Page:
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Re: [frontierkernel] Re: Source code control and object databases

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  • Jake Savin
    ... I can only speak for myself of course, but I m mainly interested in working on two things: Manila and supporting code, and tools to make that work easier
    Message 1 of 21 , Feb 23 4:39 PM
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      On Tue, 23 Feb 2010 19:57 +0000, "dwiner" <dave.winer@...> wrote:
      > Here's something to think about -- of the four of us, Brent, Andre, Jake
      > and myself -- I'm pretty sure I'm the only one actually doing work in
      > this area.
      >
      > Are you guys saying you will do work on odb-resident code if there's a
      > source control system?

      I can only speak for myself of course, but I'm mainly interested in working on two things: Manila and supporting code, and tools to make that work easier and more productive. Hopefully if we can get some momentum going, I'm also interested in helping serve an organizational function for contributors.

      As far as tools go, I want to make it easier to develop odb-level code in the Frontier IDE, and to integrate with modern infrastructure that's often taken for granted in other projects, and which may be (is?) missed here.

      I kicked off this thread in part to start thinking and talking about whether any of that work should happen here, or if it's better off elsewhere. Obviously I would rather build on whatever foundation that already exists, if possible.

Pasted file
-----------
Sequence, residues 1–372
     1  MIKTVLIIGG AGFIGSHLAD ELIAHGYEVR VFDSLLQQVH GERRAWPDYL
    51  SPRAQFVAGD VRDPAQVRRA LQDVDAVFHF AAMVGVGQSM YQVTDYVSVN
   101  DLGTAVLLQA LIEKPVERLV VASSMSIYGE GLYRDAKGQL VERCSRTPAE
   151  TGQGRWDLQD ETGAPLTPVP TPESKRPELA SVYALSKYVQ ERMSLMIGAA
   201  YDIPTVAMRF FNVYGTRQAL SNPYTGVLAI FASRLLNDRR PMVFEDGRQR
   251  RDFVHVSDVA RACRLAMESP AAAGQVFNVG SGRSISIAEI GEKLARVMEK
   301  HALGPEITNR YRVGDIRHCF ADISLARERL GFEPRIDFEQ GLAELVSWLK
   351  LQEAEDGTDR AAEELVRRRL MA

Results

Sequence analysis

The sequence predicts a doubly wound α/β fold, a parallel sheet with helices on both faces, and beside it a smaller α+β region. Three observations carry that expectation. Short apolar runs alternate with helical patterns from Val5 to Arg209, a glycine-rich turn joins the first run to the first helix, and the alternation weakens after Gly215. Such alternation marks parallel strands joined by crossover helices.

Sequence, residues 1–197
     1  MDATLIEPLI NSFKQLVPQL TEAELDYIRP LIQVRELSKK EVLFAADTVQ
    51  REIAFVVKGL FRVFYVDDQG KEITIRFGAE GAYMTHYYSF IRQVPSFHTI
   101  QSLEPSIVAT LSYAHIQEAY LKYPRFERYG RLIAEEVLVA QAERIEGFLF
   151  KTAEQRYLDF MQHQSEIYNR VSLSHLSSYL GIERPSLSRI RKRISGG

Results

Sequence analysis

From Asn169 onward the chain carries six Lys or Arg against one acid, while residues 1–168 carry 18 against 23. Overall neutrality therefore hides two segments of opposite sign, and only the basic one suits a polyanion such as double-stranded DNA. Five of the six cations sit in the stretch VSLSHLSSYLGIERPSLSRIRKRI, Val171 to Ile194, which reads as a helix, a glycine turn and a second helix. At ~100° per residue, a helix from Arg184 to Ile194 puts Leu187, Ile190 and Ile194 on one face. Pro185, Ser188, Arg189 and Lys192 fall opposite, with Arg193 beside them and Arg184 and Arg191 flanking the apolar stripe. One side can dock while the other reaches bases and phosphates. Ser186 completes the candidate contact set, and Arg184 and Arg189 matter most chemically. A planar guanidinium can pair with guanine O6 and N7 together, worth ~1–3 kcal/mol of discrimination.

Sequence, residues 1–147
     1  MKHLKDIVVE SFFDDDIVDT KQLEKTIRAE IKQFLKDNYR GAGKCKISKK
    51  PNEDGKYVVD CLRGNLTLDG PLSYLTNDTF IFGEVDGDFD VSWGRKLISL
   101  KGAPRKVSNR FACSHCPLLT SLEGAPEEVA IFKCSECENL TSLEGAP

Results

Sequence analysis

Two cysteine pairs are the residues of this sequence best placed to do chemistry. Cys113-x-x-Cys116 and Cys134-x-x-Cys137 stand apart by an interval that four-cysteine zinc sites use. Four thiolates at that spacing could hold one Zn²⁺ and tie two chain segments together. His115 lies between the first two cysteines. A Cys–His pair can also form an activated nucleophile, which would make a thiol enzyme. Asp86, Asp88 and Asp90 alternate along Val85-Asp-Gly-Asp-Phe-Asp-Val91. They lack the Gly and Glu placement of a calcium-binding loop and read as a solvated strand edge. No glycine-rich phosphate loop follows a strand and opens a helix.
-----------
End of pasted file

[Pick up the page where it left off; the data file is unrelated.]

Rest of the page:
> I already have very spare time for working on this stuff, and I'm not
      > inclined to do anything to add overhead unless I'm reasonably (bordering
      > on absolutely) sure there's a payoff.

      I'm totally with you on here. Development tools and source code management should exist to make it easier to work on the project, and to remove barriers, not put them in the way. (Believe me, I've seen it go the other way plenty of times, and it's not pretty.)

      While I was still at UserLand, I had put together some tools that worked well for me, for managing change-lists and doing large diffs. I found that I got a huge productivity boost from not having to manage every part by hand at every step, and being able to clearly see large changes at a high level. I had a longer term goal of getting a good SCM system integrated into my workflow, but didn't get there.

      As part of getting my brain thinking about coding again, it seemed like a relatively safe place to start working, since failure to deliver won't break or block others, whereas success could help infuse some excitement around developing in UserTalk again, and boost at least my own, if not others' productivity on the project.

      > A decent payoff would be having Brent, Andre and Jake actively working on
      > odb-resident code.